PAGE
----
Olga Bonfiglio

Olga Bonfiglio is a professor at Kalamazoo College in Kalamazoo, Michigan, and author of Heroes of a Different Stripe: How One Town Responded to the War in Iraq. She has written for several national magazines on the subjects of social justice and religion. Her website is www.OlgaBonfiglio.com. Contact her at olgabonfiglio@yahoo.com.

Articles by this author

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Thursday, August 06, 2009
The Oak Ridge Conundrum of War and Peace
Oak Ridge, Tennessee, “the city that made the atom bomb,” clearly illustrates the difficult conundrum people must face when their government decides to build a stockpile of highly lethal nuclear weapons. The origins of this conundrum are steeped with justifications like (a) “the bomb” ended the World War II and saved American lives; (b) the weapons protect us from our enemies and have prevented World War III; and (c) the research and manufacture of nuclear products preserve jobs, homes, and the local economy.
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Saturday, August 01, 2009
Gardening Changes Fast Food Addict's Life
Last summer, Kalamazoo College senior Nick Leonard discovered a new way of life by way of his senior project. The pre-law English major was concerned about environmental issues, but he wrestled with ways he could approach this complex and multi-faceted subject in an authentic and compelling way that was meaningful to him. Thanks to his girlfriend, who is a gardener and an activist in the local food movement, Nick decided to seek a two-and-a-half-month internship with the Detroit urban garden program.
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Sunday, July 05, 2009
Happy Birthday America: How Exceptional Are You?
Today, as we celebrate the birth of our nation as the world's beacon of freedom and democracy, we might also ponder the insights from a book by Godfrey Hodgson, The Myth of American Exceptionalism . Exceptionalism is an especially pertinent topic for us during this insecure period of empire, war and economic decline.
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Tuesday, June 16, 2009
Urban Agriculture as a Career Path
DETROIT — “I want to be an urban farmer,” said Tom Howe, 19, a freshman at Wayne State University. “I want to start a community garden in some kind of ecovillage with farmers and chefs.” This may seem an unusual career goal for a young man of the twenty-first century, let alone one from Birmingham, an upscale middle class suburb of Detroit. It’s also counter-intuitive that a major university located in the middle of the cultural center could offer Howe a means to his aspirations.
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Friday, May 29, 2009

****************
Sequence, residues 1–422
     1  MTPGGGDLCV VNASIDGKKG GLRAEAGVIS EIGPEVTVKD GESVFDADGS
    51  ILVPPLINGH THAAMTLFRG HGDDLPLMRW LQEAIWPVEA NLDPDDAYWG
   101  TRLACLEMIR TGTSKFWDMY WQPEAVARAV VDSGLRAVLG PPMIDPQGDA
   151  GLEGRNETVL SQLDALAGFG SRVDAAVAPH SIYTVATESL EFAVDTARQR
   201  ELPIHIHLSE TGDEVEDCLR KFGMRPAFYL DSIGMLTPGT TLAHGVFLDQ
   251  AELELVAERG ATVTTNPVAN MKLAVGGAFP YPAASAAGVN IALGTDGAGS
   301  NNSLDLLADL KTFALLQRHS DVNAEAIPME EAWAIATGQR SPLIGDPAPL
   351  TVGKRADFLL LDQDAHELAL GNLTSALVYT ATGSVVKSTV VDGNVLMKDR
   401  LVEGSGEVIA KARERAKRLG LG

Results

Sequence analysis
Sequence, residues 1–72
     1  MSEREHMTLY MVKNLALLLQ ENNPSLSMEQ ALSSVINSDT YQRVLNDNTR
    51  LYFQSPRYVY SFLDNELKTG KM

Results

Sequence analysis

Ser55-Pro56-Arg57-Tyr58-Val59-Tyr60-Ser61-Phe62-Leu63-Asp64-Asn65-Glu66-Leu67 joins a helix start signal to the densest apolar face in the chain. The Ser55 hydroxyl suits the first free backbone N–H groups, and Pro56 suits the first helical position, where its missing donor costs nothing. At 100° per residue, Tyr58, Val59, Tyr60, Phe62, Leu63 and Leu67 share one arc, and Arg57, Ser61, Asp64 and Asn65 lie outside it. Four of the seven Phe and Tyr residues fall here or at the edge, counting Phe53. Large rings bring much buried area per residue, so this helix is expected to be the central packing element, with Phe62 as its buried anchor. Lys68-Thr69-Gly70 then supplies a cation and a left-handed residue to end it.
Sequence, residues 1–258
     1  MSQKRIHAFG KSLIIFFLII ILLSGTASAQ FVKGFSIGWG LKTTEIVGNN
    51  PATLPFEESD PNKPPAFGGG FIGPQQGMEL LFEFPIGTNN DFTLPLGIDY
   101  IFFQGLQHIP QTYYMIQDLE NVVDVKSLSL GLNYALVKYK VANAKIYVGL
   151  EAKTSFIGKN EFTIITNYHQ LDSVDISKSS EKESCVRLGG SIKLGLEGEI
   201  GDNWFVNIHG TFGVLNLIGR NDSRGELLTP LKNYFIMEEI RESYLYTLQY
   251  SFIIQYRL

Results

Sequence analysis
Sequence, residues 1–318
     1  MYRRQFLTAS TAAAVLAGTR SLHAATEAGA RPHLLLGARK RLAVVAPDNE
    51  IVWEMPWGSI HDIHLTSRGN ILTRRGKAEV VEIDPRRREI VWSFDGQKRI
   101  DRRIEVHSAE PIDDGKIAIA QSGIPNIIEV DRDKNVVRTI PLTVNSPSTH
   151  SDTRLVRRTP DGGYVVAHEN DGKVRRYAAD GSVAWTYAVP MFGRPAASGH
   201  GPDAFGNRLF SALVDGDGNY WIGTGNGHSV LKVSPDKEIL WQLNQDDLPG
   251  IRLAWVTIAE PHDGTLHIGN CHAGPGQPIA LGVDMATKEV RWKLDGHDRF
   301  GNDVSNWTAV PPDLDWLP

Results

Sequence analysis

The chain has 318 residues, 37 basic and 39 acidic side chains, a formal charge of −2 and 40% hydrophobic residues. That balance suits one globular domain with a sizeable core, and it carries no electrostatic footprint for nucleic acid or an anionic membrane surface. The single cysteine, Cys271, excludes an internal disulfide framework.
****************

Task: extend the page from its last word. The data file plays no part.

Who Wants to Be George W. Bush?
BENTON HARBOR/ST. JOSEPH, Michigan – Private citizen George W. Bush poked his head out from his quiet, exclusive Dallas neighborhood last night to give his first major speech since leaving office. Ironically, the place he picked is near one of the nation’s poorest, most racially divided cities. It also happens to be in one of the reddest, most conservative congressional districts.
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Monday, May 18, 2009
Back to the 'Old Normal' of Domesticity
This year I decided to learn how to garden. My resolve wasn't just a notion for a new pastime or a move toward hip liberalism. Rather, it was my response to global warming and in particular, the depletion of fossil fuels, which has a direct effect on our food system.
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Wednesday, April 01, 2009
It's Human Security, Stupid, Not National Security
Jody Williams is an emotional, strong-willed and determined woman. She is also passionate and not averse to yelling, swearing or pounding on the podium when it comes to creating a peaceful world. “We can only be secure when justice and the sharing of resources in the world are present,” said the 1997 Nobel Peace Prize recipient to an audience of nearly 400 at the annual Great Lakes PeaceJam held last weekend at Western Michigan University. “Human security, not national security will bring security to everyone in the world.”
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Thursday, March 19, 2009
Our National Report Card on War
Today marks six years since the start of the Iraq War and six years and five months since troops invaded Afghanistan. These wars were presumably started in response to 9/11 in the attempt to stop terrorism and protect us from Saddam's caches of WMD. So, how are we doing? Let's take a look. Over the past six years in Iraq we have buried 4,261Americans and 317 coalition troops and seen 31,102 Americans wounded ( www.cnn.com/SPECIALS/2003/iraq/forces/casualties ).
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Monday, March 16, 2009
Hot, Flat, and Bothered
Thomas Friedman has done it again. He has taken a global situation, this time it's climate change, and set out to educate the public about how we got there and what we can do about it. However, in his explanation, the self-described "somber optimist" inadvertently ends up salving readers with the expectation that technology will save us and we can go on with our lives as usual. Hot, Flat and Crowded focuses on the threats and opportunities of climate change in this new age that he calls the Energy-Climate Era (ECE), which begins now.
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Thursday, March 05, 2009
Apologize, Apologize, Do Not Feel Free to Avert Your Eyes
Recently, Bishop Desmond Tutu of South Africa said it would be “wonderful if [Mr. Obama] would apologize for the U.S.-led invasion of Iraq on behalf of the American people.” Such an act would submit our nation to the power of forgiveness, which is what Nelson Mandela did when he became president of South Africa.
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